Take a look at that child above: in theory he could have been born with a silver spoon in his mouth, if his father owned the land that is now Port Moresby.
Instead, he lives in a slum. Literally living on top of shit.
By Martyn Namorong
A FRIEND OF MINE recently told me about a trip to Mt Hagen. You know there aren’t any mines nor is there any oil or gas exploitation in the Western Highlands Province. But he reckons he saw more 10-seaters in Hagen than they have in Tabubil.
By Kirk Huffman*
The Republic of Vanuatu in the southwestern Pacific is classed by foreign economists as one of the world's poorest nations. This mistaken view is only true if one believes that lack of modern money = 'poverty'.
Vanuatu consists of 83 inhabited tropical and semi-tropical islands with a current - almost completely indigenous Melanesian - population of around 230,000 which possesses twice as many languages and cultures as the whole of the (expanded) EU.
People the world over salute the Occupy movement for standing up to injustice and fighting for equality at the heart of empire
By Arundhati Roy*
Father Kevin Barr is a Catholic priest. This is his take* on the extreme capitalism practicised by multi-national mining, oil and logging corporations operating in PNG and preached to us by the World Bank and the governments of the USA, Europe and Australia.
The current economic system of neo-liberalism or extreme capitalism has a fanatical fundamentalism about it.
It encourages not just legitimate profit but excessive greed and individualism.
It seeks to produce ever more money for those with the most wealth - with no limit or regulations.
APEC the Asia-Pacific Economic Cooperation forum starts this coming Sunday in Hawaii but another meeting to draw attention to the economies of the Pacific called Moana Nui is also taking place in Honolulu, reports Radio Australia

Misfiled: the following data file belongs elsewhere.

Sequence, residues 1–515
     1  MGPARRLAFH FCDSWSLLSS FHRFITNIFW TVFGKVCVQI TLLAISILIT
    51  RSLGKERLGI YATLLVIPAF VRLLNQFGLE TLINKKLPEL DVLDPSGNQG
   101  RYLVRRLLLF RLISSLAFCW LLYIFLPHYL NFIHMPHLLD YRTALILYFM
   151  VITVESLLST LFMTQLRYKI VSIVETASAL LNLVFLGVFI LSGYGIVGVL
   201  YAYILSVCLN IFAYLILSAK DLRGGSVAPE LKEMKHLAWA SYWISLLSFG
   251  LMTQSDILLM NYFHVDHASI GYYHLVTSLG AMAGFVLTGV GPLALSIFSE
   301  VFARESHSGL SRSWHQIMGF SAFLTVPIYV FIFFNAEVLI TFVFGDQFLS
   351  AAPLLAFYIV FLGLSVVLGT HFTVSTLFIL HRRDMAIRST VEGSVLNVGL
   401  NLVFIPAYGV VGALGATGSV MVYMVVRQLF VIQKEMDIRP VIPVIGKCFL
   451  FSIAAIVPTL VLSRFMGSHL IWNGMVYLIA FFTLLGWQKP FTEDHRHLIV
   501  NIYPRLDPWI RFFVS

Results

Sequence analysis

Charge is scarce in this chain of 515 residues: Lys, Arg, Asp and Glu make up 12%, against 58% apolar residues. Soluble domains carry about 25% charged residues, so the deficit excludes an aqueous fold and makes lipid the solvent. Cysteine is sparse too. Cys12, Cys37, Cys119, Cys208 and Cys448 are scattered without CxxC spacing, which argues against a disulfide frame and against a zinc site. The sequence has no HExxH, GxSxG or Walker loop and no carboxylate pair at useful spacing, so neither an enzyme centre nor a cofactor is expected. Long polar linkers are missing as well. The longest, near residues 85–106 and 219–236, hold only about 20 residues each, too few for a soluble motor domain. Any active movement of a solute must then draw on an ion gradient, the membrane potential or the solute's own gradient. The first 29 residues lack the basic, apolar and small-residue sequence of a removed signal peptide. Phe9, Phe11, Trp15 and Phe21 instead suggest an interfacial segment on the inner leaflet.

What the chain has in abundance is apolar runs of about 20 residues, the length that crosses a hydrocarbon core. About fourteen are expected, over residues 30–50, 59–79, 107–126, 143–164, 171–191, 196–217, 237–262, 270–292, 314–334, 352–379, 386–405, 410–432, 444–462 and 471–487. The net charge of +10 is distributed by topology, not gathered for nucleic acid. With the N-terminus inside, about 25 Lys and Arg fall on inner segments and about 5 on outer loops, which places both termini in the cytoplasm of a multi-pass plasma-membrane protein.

Convenor of the alternative conference is Professor John Osorio, a professor of history at the Center for Hawaiin Studies at the University of Hawaii at Manoa.
Speaker:Professor John Osorio, convenor, alternative APEC conference, Hawaii
Papua New Guinean's faces a vitally important choice. Should we continue to implement an imported and failed model of development, which is based on unrestrained capitalism, or return to our roots, rediscover our National Goals and follow a more Melanesian development path?
Martin Maden asks some very important, relevant and timely questions about capitalism, the Global Banking System and their adverse effects on the cultures of the Pacific in his article below.
Spotted on the PNG Mine Watch blog
Many commentators are talking excitedly about the unprecedented riches that will come from Papua New Guinea’s resource boom. Phil Mercer writing for Voice of America (see below) is just the latest.
But who is REALLY going to reap the benefits from Papua New Guinea’s oil, gas, gold and silver?
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